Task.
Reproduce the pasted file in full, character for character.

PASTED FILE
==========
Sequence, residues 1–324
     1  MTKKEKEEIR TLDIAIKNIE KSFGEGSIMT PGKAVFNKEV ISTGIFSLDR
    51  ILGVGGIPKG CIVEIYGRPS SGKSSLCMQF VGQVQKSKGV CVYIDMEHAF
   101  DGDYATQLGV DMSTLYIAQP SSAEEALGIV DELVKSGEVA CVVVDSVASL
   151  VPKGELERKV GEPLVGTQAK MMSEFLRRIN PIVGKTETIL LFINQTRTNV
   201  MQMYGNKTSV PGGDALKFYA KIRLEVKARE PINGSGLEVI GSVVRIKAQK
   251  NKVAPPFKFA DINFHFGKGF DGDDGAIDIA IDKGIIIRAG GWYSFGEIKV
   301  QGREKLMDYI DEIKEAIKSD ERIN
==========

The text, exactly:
Sequence, residues 1–324
     1  MTKKEKEEIR TLDIAIKNIE KSFGEGSIMT PGKAVFNKEV ISTGIFSLDR
    51  ILGVGGIPKG CIVEIYGRPS SGKSSLCMQF VGQVQKSKGV CVYIDMEHAF
   101  DGDYATQLGV DMSTLYIAQP SSAEEALGIV DELVKSGEVA CVVVDSVASL
   151  VPKGELERKV GEPLVGTQAK MMSEFLRRIN PIVGKTETIL LFINQTRTNV
   201  MQMYGNKTSV PGGDALKFYA KIRLEVKARE PINGSGLEVI GSVVRIKAQK
   251  NKVAPPFKFA DINFHFGKGF DGDDGAIDIA IDKGIIIRAG GWYSFGEIKV
   301  QGREKLMDYI DEIKEAIKSD ERIN